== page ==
I was leading a session for a government client earlier this week and they asked me to propose a special activity with a holiday theme to liven up their staff retreat. I suggested that they do a Secret Santa activity for the week leading up to our session.
You pick a name out of a hat and for a period of a week you are invited do an act of kindness for your colleague every day. The kindnesses can be anything from leaving a hot cup of coffee on their desk without being seen, to clearing off the snow from their car before they leave at night, to writing a poem in their honor or leaving chocolates or other treats where they can find them. The Secret Santa observes his or her colleague throughout the week to learn a bit more about who they are, and especially, find something that they appreciate about them. At the end of the week, the Secret Santas are unveiled during a special staff meeting. At the meeting, the Secret Santas share with the rest of the group what they have observed from their colleague and what they like about them.
My client loved the idea. It was something we could do without much preparation and with no outlay of cash (budgets are very tight these days!) plus, it would add a bit of holiday cheer to the workplace.
A few days before the Secret Santa activity was to begin, my client received a few long-winded emails and even some calls from staff complaining that they did not have time to deal with such frivolous Christmas activities on work time: five acts of kindness in a week was simply too much to handle in these busy times (although it probably took as much time as would be necessary to do 3 or 4 acts of kindnesses to write the long formal memos to complain about the lack of time but that is besides the point...or is it?)
My client compromised. In an email she said: "We understand that some of you are concerned about the time required to the Secret Santa activity every day for a week so therefore, we are asking that you limit your acts of kindness to only twice during the week preceding our staff retreat."
That seemed to satisfy the naysayers. They had made their point. Their discontent was heard and management had acted on it. So everyone limited their kindnesses to two times during the week. (Can you sense the cynicism and incredulity behind my diplomatic words?)
What is wrong with this picture? A lot! First, that we have to formalize an invitation for people to be kind to each other in the workplace is very sad indeed. Busy people do not have time to be cordial and kind to each other apparently.
Second, since when do we have to schedule time to have fun and be playful at work? Does this mean that real work only gets done in a formal, perfunctory, robot-like environment? Does this mean that we cannot afford to be living and breathing human beings at work and let our hearts and soul sing while we do our work?
Third, who are those scrooges who dared to complain that they were too busy with work to do an act of kindness for their colleague??? How long does it take so say thank you or open the door for someone or leave a candy on someone's desk? Perhaps we are so out of practice with being kind that these individuals felt like they had to do a lot of planning to do an impromptu act of kindness? I really don't get it.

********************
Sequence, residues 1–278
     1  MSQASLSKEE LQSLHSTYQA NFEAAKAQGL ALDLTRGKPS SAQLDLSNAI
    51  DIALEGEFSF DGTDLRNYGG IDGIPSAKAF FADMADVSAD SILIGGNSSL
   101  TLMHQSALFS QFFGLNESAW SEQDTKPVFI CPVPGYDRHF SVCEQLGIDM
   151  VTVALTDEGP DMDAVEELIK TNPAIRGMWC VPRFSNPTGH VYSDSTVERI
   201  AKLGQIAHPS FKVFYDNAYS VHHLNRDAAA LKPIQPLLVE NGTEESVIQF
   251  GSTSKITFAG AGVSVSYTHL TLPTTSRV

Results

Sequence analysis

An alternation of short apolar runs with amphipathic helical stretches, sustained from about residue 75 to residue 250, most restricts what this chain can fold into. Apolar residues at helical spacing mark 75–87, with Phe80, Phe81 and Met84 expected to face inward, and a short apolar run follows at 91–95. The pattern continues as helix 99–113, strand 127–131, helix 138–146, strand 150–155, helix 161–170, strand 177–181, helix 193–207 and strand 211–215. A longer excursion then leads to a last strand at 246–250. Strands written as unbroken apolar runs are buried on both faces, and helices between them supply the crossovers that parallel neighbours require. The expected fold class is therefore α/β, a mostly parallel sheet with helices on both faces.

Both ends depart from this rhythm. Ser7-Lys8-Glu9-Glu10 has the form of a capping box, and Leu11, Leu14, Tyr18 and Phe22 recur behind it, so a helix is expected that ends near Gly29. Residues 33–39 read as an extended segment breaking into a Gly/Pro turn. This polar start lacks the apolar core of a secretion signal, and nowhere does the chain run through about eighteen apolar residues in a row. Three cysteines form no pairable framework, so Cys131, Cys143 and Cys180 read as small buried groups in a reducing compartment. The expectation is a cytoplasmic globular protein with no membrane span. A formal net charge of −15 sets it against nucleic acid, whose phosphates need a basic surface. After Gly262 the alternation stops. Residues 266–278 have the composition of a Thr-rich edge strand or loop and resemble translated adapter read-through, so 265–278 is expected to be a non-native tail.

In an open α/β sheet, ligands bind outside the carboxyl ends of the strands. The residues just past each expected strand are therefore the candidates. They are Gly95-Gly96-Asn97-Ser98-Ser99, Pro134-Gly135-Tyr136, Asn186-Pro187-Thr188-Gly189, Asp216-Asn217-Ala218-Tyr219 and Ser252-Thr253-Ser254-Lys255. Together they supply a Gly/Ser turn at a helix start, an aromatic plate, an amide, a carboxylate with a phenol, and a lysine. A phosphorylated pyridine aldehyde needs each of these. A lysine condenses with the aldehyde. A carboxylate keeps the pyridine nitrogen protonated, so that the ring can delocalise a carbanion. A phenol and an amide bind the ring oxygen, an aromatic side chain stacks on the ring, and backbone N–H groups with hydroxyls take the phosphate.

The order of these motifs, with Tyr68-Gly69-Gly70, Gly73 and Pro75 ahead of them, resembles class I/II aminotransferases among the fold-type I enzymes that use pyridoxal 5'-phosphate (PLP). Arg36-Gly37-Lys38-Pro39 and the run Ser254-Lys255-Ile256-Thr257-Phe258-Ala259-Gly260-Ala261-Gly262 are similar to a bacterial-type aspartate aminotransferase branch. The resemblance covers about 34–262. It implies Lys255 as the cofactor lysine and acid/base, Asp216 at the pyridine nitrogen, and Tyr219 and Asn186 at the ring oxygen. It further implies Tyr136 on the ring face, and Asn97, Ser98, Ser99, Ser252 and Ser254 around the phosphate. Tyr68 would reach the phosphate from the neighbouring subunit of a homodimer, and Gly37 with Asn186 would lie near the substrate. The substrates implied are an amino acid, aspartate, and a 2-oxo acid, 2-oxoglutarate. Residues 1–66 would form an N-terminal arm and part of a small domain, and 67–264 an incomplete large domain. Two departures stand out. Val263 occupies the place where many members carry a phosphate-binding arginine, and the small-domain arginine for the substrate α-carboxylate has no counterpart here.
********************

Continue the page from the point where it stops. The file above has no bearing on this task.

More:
In the end, people were thrilled with the activity (so much so that they have proposed doing a Secret Easter Bunny activity next Spring!) At the close the staff retreat, I asked everyone to come up in turn to the front of the room to describe what their Secret Santa had done. All of them expressed real gratitude for the kindnesses they received. They were touched by their colleague's thoughtfulness and caring. Once they were done, the Secret Santa revealed themselves and came to the front to join their colleague. All of them, without exception, hugged each other - can you believe that? Marks of affection in a workplace! Some would say that it is odd. I say it is heart-warming. It was now the Secret Santa's turn to say what they appreciated from their colleague. Here are some examples:
- "Whenever I meet Mary in the hallways she always greets me with a happy hello and a smile."
- "I like that John always delivers what he promises when he promised it. His work is very professional and thorough."
- "You can go see Ghislaine if you need a little pick me up. She always finds something kind and positive to say. I always feel better after I talk to her."
- "Richard is a big thinker. He is like a walking encyclopaedia. I love talking to him about new ideas."
A lot of the Christmas movies seem to have a similar message. What makes Christmas magical is not the big ticket items under the tree or the gourmet food for Christmas dinner or the "bling" and designer clothes that you are wearing at the office Christmas party. What makes Christmas magical is that it awakens in us our humanity and our purpose "to do unto others what we would like them to do unto us."
At Christmas time, we are reminded about the abundance of things that we have and that we take for granted. At Christmas time, we are reminded that others are in need and we become more generous. We take the time to donate to Toy Mountain, the Food Bank, and World Vision or Care Canada. We make the time to volunteer at the soup kitchen or at the children's school fund raising activities. More so than any other time of the year, at Christmas time we feel that we can make a positive difference and we act on it.
The magic of Christmas is that love is free-flowing. And with love, anything can happen.
May you give and receive much love during this Christmas season...